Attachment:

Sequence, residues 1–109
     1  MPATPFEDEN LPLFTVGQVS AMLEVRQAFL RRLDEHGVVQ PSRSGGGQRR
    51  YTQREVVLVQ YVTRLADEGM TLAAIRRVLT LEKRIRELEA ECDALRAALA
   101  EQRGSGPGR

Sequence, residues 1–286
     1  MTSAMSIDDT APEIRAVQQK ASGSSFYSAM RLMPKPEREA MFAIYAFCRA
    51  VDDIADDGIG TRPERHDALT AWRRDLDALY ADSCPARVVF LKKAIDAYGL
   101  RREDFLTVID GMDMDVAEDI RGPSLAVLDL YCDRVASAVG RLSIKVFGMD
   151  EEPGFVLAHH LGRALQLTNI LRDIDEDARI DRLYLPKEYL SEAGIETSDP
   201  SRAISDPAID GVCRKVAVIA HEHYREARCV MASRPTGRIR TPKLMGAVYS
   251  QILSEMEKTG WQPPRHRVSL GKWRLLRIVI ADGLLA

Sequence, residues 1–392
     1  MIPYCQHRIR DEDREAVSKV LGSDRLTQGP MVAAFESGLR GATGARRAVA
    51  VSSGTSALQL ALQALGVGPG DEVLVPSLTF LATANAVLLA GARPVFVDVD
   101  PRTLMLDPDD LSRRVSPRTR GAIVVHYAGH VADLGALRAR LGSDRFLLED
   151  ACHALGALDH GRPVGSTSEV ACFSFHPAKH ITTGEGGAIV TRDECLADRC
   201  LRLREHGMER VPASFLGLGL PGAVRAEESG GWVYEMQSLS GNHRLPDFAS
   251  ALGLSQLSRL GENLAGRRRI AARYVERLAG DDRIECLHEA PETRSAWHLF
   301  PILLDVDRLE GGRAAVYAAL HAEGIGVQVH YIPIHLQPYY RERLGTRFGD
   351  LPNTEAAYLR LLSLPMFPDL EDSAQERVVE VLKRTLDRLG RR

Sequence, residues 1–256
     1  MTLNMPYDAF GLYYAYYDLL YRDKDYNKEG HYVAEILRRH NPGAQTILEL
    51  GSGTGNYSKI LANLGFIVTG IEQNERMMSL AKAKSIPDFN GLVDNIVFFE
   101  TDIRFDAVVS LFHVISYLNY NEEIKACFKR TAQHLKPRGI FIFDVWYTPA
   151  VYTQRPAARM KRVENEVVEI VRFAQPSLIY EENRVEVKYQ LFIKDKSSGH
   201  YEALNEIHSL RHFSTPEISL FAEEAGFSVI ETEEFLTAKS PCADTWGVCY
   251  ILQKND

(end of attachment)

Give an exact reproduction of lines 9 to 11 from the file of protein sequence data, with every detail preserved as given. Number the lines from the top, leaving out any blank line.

   151  EEPGFVLAHH LGRALQLTNI LRDIDEDARI DRLYLPKEYL SEAGIETSDP
   201  SRAISDPAID GVCRKVAVIA HEHYREARCV MASRPTGRIR TPKLMGAVYS
   251  QILSEMEKTG WQPPRHRVSL GKWRLLRIVI ADGLLA